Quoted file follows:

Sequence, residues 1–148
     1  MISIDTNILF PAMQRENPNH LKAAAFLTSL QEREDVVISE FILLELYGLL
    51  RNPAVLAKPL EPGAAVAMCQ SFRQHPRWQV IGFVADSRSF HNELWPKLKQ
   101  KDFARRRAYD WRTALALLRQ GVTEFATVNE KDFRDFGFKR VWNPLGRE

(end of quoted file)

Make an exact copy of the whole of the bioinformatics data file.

Sequence, residues 1–148
     1  MISIDTNILF PAMQRENPNH LKAAAFLTSL QEREDVVISE FILLELYGLL
    51  RNPAVLAKPL EPGAAVAMCQ SFRQHPRWQV IGFVADSRSF HNELWPKLKQ
   101  KDFARRRAYD WRTALALLRQ GVTEFATVNE KDFRDFGFKR VWNPLGRE